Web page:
AUSTIN — Gov. Rick Perry on Monday highlighted themes that he would likely unleash in a campaign against President Barack Obama, but he offered no firm clues on when — or if — he plans to climb into a race for the White House.
In what was widely interpreted as his strongest indication yet that he is moving toward a presidential run, Perry was quoted in the Des Moines Register over the weekend as saying, "I'm getting more and more comfortable every day that this is what I've been called to do. This is what America needs."
But he was less definitive when asked about the comments Monday during a question-and-answer session with Texas reporters after a ceremonial bill signing in the Capitol.
"We're going through a thoughtful, steady process of making a decision, and when we make that decision, we'll let you all know," Perry said without elaborating on a possible timetable. He said he would likely call a "lengthy press conference" to detail his decision.
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Asked about the suggestion that God may be calling him to enter the race, Perry said that his religious faith "absolutely" helps guide him in his decision-making. But he also said that many of the calls for him to run are of a more secular nature.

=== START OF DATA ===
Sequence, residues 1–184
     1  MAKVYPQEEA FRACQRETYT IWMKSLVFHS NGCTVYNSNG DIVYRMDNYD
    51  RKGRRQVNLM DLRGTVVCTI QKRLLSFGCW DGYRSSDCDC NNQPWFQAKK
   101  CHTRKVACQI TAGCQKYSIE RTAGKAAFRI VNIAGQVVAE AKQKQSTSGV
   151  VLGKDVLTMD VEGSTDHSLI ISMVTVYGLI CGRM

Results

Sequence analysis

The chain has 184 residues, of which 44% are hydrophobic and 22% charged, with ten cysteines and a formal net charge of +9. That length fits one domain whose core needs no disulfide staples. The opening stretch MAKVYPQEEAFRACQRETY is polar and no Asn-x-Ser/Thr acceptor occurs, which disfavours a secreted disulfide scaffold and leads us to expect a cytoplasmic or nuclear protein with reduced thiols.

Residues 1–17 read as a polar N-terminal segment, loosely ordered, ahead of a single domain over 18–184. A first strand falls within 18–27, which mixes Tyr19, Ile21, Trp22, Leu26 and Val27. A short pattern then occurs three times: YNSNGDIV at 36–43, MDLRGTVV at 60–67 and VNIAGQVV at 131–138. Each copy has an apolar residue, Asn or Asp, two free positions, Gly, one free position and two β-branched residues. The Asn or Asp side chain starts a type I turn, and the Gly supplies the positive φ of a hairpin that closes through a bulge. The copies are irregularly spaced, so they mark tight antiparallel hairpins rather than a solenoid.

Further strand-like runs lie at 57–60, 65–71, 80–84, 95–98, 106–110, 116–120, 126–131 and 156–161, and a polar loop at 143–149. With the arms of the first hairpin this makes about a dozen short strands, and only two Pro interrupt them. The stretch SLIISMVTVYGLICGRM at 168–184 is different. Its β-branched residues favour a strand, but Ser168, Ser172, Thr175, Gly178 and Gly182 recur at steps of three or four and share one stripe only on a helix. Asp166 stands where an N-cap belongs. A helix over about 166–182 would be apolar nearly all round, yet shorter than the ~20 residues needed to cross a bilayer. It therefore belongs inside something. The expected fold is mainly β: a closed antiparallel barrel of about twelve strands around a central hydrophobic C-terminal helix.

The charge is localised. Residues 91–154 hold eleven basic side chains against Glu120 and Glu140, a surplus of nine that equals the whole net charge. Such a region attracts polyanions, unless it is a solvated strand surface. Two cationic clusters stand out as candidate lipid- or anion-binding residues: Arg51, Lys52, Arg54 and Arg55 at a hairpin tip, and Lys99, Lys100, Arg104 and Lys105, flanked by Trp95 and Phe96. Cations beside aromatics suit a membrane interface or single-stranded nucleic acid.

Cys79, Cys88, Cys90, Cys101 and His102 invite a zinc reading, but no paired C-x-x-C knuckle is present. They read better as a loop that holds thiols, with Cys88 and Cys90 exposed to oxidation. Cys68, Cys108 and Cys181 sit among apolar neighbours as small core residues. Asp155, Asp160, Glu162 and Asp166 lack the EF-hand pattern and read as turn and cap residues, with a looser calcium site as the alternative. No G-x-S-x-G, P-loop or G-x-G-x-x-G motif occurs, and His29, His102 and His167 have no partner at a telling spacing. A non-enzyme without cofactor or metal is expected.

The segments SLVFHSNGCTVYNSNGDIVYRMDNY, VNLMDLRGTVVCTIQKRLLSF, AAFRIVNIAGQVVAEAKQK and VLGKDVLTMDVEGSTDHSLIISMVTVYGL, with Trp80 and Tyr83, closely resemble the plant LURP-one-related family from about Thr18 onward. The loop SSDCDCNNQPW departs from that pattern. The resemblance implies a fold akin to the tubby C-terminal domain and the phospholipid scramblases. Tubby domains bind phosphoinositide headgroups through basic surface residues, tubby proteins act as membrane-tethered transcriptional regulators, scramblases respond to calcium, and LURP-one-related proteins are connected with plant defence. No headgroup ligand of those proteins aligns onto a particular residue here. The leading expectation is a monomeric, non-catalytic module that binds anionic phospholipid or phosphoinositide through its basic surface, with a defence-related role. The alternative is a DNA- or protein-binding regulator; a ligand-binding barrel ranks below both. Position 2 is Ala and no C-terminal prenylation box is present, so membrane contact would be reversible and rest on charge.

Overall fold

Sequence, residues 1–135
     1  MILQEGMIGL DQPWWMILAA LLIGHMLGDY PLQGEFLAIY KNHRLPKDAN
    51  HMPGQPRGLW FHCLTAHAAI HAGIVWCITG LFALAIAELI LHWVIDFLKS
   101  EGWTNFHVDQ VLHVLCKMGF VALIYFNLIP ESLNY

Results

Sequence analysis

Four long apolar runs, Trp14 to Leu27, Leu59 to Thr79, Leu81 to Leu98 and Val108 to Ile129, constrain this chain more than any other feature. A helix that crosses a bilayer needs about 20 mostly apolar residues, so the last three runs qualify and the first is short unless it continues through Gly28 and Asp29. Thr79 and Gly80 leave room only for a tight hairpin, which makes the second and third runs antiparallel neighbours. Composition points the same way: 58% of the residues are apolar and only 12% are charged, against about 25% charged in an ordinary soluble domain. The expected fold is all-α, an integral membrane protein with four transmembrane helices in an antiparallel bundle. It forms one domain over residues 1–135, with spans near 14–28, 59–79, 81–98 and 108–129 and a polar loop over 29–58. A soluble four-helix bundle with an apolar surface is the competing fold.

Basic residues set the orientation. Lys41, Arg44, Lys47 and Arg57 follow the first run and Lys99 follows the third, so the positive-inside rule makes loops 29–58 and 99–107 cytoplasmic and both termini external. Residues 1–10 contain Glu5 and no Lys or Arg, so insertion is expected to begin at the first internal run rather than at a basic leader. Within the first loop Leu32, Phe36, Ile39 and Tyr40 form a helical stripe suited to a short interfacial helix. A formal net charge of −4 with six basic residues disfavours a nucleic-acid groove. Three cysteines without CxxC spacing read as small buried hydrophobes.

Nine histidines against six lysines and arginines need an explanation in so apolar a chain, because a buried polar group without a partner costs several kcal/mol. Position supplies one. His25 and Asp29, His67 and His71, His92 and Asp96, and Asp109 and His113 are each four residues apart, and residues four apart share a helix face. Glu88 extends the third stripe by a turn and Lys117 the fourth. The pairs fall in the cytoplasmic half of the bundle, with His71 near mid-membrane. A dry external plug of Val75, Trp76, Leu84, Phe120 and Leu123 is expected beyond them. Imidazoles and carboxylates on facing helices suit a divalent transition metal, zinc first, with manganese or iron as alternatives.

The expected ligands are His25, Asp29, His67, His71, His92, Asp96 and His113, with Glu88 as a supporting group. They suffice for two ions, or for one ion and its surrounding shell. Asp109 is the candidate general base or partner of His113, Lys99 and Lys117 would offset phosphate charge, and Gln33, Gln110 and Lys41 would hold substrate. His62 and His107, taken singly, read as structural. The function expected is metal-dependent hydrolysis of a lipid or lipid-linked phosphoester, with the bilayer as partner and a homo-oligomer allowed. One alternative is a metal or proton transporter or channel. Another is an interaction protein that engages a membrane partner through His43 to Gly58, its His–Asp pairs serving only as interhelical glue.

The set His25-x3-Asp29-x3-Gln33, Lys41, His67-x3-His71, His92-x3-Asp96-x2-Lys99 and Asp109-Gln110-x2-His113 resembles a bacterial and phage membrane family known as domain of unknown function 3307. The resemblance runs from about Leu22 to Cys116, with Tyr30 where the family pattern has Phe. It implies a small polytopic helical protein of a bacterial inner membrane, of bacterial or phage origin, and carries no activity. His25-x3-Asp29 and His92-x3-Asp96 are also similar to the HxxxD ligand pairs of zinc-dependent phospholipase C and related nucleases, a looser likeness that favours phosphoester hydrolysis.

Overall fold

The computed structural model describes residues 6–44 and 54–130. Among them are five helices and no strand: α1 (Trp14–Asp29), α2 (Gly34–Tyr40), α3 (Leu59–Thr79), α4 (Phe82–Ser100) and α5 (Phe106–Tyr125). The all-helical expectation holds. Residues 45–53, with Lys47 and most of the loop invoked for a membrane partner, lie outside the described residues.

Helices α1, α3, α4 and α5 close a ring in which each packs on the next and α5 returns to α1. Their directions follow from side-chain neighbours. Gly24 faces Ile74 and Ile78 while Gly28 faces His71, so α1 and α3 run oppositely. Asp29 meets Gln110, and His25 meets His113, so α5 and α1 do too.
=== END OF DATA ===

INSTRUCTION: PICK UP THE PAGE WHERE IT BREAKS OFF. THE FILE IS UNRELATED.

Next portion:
"There's a lot of different ways to be called," Perry said. "My mother may call me for dinner. ... My friends may call me for something.
"There are people calling from all across this country, in to either me directly or to people that they know, and saying, 'Man we wish you would consider doing this,'" the governor added.
Austin attorney Bill Crocker, Republican National Committee representative who has been encouraging Perry to enter the race, said he believes "the odds are that he will run."
But Crocker acknowledged that Perry is probably "the only one who knows what he's ultimately going to do."
Perry appeared at public events Monday that offered him the opportunity to bash the federal government and Obama's Democratic administration.
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